Loss of taste and smell are among the symptoms of COVID that stick around after the infection itself has subsided, and now scientists think they may be on to why the latter happens. It may all come down to an unusual immune response in which T-cells that cause inflammation invade the nasal passages, perhaps helping to decimate crucial nerve cells that enable us to smell things. The Guardian notes that ever since this particular symptom emerged in COVID patients, researchers have been scratching their heads over whether it's caused by damage done to sensory cells in the nasal passages, to centers in the brain that process olfactory information, or both. In research published Wednesday in the Science Translational Medicine journal, scientists looked more closely at activity happening in the nose.
The researchers biopsied tissue from the nasal passages of 24 patients, including nine who lost their olfactory senses for at least four months after contracting the illness; the Wall Street Journal notes some of the patients had smell loss for up to 16 months. They found that, compared with COVID patients who didn't lose their sense of smell, those who did had 75% fewer olfactory sensor neurons. This group also had more T-cells present making the substance interferon-gamma, which is tied to inflammation. This was found to be the case even in patients who no longer had any traces of the virus still in their system. The Journal notes the T-cells might not be attacking the olfactory neurons directly, but rather support cells that the neurons can't survive without. "We think the reduction of sensory neurons is almost definitely related to the inflammation," study co-author Bradley Goldstein says.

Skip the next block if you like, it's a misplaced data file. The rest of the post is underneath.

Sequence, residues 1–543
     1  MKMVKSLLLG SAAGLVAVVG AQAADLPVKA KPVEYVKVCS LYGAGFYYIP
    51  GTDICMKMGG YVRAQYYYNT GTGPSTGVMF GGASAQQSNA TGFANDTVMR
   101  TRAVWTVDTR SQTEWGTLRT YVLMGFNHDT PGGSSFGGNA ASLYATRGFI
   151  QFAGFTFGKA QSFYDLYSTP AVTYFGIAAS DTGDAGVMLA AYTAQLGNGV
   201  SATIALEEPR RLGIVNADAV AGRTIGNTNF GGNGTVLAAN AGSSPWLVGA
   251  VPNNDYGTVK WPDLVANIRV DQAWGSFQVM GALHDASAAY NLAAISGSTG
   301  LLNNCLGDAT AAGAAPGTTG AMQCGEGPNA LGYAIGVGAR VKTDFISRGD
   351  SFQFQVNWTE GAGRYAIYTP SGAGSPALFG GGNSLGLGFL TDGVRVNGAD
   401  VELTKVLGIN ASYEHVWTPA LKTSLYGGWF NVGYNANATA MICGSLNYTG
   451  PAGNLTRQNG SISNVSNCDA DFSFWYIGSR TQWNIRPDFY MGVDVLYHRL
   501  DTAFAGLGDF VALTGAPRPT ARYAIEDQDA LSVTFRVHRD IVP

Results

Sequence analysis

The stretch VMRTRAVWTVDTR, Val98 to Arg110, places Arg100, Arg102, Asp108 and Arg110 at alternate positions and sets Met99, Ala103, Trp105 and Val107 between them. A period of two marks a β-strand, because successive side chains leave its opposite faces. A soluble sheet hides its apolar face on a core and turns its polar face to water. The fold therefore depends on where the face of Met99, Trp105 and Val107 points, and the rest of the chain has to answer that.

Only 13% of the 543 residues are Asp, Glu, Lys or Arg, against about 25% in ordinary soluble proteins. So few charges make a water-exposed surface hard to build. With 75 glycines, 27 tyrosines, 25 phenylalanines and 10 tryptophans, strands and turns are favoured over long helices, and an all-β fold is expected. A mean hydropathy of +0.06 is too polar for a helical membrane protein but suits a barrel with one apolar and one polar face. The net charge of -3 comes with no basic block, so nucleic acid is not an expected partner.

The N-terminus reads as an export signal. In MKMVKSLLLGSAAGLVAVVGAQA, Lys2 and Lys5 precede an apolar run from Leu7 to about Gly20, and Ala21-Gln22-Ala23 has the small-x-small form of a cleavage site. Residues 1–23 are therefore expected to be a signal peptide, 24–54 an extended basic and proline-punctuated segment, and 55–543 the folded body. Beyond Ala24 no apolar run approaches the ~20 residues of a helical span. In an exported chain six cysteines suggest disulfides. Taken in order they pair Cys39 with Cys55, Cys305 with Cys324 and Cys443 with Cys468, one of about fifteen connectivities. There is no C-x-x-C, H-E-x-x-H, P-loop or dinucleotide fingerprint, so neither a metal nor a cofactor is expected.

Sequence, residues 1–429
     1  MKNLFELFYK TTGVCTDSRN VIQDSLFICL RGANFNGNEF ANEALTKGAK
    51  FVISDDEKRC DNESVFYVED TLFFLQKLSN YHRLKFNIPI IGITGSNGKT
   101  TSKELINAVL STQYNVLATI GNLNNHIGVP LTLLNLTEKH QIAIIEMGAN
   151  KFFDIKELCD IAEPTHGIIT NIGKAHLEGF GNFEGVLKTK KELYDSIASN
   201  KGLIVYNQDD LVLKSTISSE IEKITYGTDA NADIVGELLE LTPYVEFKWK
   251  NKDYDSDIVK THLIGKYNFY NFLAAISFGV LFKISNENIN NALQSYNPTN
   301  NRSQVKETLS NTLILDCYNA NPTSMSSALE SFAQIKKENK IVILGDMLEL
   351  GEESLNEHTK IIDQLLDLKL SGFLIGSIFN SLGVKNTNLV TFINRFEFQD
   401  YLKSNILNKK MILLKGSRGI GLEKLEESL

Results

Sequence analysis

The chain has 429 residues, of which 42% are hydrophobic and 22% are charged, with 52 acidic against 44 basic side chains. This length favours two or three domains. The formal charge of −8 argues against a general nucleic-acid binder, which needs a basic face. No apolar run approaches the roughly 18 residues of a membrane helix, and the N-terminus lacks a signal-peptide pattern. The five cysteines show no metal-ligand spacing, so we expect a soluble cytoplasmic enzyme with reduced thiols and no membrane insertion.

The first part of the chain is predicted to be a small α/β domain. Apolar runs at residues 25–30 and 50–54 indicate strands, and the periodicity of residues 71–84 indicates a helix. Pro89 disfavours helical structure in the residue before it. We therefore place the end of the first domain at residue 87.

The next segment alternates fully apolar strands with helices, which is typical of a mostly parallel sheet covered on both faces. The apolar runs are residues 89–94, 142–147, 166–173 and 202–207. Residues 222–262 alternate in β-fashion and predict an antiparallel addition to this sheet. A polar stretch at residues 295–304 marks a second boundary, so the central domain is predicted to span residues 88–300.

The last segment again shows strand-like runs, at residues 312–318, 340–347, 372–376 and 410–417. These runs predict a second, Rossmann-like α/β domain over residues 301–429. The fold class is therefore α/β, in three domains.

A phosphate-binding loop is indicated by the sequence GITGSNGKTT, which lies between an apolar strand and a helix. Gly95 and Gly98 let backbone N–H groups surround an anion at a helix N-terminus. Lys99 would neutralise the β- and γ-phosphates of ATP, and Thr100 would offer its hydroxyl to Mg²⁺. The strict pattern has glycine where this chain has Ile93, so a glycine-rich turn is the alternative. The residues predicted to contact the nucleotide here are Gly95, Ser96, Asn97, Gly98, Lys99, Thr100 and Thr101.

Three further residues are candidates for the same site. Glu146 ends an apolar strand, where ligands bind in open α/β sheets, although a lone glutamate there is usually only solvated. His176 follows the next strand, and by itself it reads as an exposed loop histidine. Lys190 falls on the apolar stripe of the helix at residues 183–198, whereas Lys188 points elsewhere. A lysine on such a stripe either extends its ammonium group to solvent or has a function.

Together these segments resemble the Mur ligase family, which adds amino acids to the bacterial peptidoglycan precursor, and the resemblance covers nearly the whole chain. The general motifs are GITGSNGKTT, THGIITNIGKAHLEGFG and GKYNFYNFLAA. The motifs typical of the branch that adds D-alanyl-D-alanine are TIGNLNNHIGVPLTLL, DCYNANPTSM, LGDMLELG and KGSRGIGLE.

Their findings don't mean the brain doesn't play a part, too: Dr. Gwenaelle Douaud, a neuroscientist at Oxford, tells the Guardian that "persistent olfactory problems have been shown to be associated with the shrinking of brain regions related to our sense of smell." She adds that Goldstein's study "provides further evidence that such a specific brain loss could be related to persevering inflammation and loss of olfactory neurons in the nasal cavity itself." Goldstein, meanwhile, notes that to help the 15 million or so who've suffered a loss of smell after COVID infection—as well as other long COVID symptoms that may be tied to inflammation—it's important to figure out the underlying causes. One possible treatment: a T-cell-blocking spray or cream that can easily be applied in the nasal passages. "We are encouraged by these findings and are hopeful that new treatments may emerge," he notes. (Read more COVID-19 stories.)